Details about the development of Sky Map Online
Sky Map Online Timeline
- Dec 2007 – I got a “junk” telescope, a hobby killer from a local supermarket. I had a lot of troubles to find the brightest astronomical target (our moon) and especially to keep it in my field of view; in a few days I got rid of the telescope convinced that the next telescope (if ever) will be a motorized one
- Dec 2008 – got my serious telescope (more details on my
section of my blog) – it was a small goto
refractor and I started to enjoy deep space objects; I finally got hooked by the
- Jun 2009 – I’ve started to create Spica application - a planetarium software (Windows .NET
client application) – I’ve never really released it due to various factors
- May 2010 – Started the implementation of Sky Map Online website by reusing some of my Spica Windows application source code
- Jun 2010 - Finished the first version of Sky Map Online website and had it hosted on a permanent server
- Jun 2010 - present - Different site improvements and development of new features (HTML5 page, constellation data and game, website tweaks, comments page, etc)
- Jan 2011 - Release of SkyMap for Windows Phone 7 application
Sky Map Online - Implemented Features List- The original porting of my application (and stripping down the client specific features)
- Find a domain name and hosting solution
- Come up with an optimization for picking the right objects when dealing with a high zoom level
- Create the web interface
- Location support – find location by IP or by a specified address, city or zip code
- Deal with a googlebot issue – it crawled my staging (testing) website “obscuring” my production server
- Determine client local time zone
- Make the size of the skymap customizable
- Display constellation name
- Messier list
- Object information and search
- Support for more than 1 million objects from Tycho2 catalog
- Draggable map: use tiles, move all map logic from server to client, actually a complete redesign to support a better user experience
- Moon and planetary data - calculate dinamically their RA/Dec coordinates
- Rise and set times
- 3D effect for sky map borders (use gradients)
- gradients for bright stars (to look like spheres)
- replace gif with png files to support transparency
- label improvements (tranparency and more info)
- Alt/Az and RA/Dec data in labels
- AltAz grid and telrad
- move the website from Montreal to Houston
- clean up the keywords, meta tags, etc
- UI redesign - no more asp.net controls clutter on top - now replaced by expandable menu
- site navigation controls on left side - prepare to add more information and move my astronomy blog on this site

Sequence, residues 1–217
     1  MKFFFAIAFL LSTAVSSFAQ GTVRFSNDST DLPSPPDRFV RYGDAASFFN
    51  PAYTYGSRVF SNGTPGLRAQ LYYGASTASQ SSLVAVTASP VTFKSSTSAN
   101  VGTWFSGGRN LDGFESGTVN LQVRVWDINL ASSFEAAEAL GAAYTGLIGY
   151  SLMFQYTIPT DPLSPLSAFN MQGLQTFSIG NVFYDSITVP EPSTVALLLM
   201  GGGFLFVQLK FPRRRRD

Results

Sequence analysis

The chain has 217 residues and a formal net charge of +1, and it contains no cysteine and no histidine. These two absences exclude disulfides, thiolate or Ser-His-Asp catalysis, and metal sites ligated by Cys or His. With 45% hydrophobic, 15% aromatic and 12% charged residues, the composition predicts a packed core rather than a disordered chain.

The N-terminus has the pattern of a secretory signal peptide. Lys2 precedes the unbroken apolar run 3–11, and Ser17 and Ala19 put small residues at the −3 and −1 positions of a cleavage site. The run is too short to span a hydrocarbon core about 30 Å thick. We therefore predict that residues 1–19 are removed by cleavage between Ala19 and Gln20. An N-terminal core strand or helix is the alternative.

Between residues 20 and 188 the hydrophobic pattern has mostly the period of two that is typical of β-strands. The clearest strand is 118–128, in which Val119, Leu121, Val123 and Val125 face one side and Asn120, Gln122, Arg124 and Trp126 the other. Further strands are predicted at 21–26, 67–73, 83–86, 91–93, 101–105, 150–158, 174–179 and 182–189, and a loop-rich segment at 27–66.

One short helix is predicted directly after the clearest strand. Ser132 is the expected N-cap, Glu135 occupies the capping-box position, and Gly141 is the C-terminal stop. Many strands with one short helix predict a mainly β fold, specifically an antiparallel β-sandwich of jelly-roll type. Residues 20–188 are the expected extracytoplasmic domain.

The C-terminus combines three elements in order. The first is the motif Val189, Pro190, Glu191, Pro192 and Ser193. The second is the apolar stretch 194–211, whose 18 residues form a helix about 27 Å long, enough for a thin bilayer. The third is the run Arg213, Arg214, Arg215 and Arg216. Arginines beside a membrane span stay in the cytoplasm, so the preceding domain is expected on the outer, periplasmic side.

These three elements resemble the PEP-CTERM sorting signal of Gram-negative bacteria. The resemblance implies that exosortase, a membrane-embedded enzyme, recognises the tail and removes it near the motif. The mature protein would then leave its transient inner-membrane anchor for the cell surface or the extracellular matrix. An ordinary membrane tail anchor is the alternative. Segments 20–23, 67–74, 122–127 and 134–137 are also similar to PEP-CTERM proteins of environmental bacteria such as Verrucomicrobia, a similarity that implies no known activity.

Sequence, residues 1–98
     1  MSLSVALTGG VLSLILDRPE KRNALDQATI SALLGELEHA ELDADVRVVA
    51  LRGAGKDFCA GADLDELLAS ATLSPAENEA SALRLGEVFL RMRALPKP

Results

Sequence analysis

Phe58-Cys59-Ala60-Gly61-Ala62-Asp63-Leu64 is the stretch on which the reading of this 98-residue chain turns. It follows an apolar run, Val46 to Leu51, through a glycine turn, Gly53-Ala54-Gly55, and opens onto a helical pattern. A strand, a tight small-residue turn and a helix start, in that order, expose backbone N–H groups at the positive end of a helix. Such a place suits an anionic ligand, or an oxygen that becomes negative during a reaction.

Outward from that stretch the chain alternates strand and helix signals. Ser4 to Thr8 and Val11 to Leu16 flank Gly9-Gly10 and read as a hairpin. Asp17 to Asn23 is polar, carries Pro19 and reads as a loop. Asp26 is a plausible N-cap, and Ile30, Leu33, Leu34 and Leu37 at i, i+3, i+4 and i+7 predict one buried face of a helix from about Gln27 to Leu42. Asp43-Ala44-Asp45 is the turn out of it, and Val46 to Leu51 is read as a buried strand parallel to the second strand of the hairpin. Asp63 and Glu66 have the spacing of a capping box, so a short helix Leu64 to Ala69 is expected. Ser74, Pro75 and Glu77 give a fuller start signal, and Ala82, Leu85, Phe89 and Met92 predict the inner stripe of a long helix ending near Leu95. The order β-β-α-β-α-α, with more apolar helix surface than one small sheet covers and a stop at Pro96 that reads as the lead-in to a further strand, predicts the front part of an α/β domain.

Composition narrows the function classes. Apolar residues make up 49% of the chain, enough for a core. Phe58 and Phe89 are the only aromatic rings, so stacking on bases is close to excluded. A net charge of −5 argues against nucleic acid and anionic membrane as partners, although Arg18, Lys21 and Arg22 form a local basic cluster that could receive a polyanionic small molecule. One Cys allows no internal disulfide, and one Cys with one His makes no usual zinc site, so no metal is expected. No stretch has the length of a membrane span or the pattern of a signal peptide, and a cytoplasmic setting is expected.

- handle the mousewheel (zoom on mousewheel)
- options to show/hide constellation names and constellation lines
- Share map (sky map links to be shared with friends or saved locally for future use)
- Sky Map (menus and controls) translated to Spanish, German and Romanian (localization based on the browser language)
- publish all 88 Constellations maps (Constellation section of this site)
- crete a site map (to be used by search engines)
- Comments page - users can add comments directly on this site
- HTML5 Sky Map basic implementation - the map is created on the client side and, the overall experience should be better (faster load time, hover support, better zoom experience, etc)
- recognize the constellation trivia game
- Main page tweaks - more stars displayed at high zoom levels
- release of SkyMap for Windows Phone 7 (wp7.aspx page added to this website)
Why was this project started?
There are a couple of answers.
I can say it started because my passion, desire to combine my software experience with my hobby
(amateur astronomy), a few scenarios not met by existing software.
But what does it take to finalize a project like this?
Well… the answer depends. It depends a lot of its users and the feedback I get.
It’s done in my spare time… and time is quite valuable :)
I’d say that the success of any project takes a right attitude, a statement that “we can do this”.
The list of people helping me with Sky Map Online is quite long. Special thanks to Adrian Vinca, Edi Nica and Chris Wood for testing, suggestions and constant feedback. Also, thanks to many other people providing additional comments and feedback.